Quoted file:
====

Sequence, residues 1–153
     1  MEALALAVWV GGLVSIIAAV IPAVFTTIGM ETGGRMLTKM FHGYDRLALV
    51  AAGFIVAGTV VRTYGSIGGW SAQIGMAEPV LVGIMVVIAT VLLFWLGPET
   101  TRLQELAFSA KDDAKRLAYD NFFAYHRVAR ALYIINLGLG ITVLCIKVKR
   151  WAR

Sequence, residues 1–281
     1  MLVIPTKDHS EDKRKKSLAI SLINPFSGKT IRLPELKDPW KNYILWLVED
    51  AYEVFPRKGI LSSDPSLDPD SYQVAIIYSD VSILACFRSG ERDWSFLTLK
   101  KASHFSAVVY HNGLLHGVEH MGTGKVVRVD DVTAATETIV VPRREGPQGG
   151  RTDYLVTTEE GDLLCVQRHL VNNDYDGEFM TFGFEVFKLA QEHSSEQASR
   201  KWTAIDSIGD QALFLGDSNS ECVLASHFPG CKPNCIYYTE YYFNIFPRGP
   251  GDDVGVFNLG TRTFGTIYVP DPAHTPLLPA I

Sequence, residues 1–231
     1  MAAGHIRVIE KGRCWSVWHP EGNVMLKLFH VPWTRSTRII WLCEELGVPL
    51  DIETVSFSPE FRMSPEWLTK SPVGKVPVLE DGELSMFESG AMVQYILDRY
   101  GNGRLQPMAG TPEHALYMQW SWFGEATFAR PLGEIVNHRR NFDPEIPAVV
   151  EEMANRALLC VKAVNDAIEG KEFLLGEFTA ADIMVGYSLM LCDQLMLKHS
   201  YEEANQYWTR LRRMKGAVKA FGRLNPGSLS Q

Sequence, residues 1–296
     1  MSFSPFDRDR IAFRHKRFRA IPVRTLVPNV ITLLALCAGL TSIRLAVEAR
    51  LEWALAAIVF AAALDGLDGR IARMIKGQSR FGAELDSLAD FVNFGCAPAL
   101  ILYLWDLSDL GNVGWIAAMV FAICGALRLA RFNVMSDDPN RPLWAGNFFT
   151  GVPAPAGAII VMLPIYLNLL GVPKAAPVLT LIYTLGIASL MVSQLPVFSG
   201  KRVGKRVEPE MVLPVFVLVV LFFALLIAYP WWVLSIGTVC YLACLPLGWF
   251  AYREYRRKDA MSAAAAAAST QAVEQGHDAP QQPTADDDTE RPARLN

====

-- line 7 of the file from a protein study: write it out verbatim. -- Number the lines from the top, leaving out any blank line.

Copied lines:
     1  MLVIPTKDHS EDKRKKSLAI SLINPFSGKT IRLPELKDPW KNYILWLVED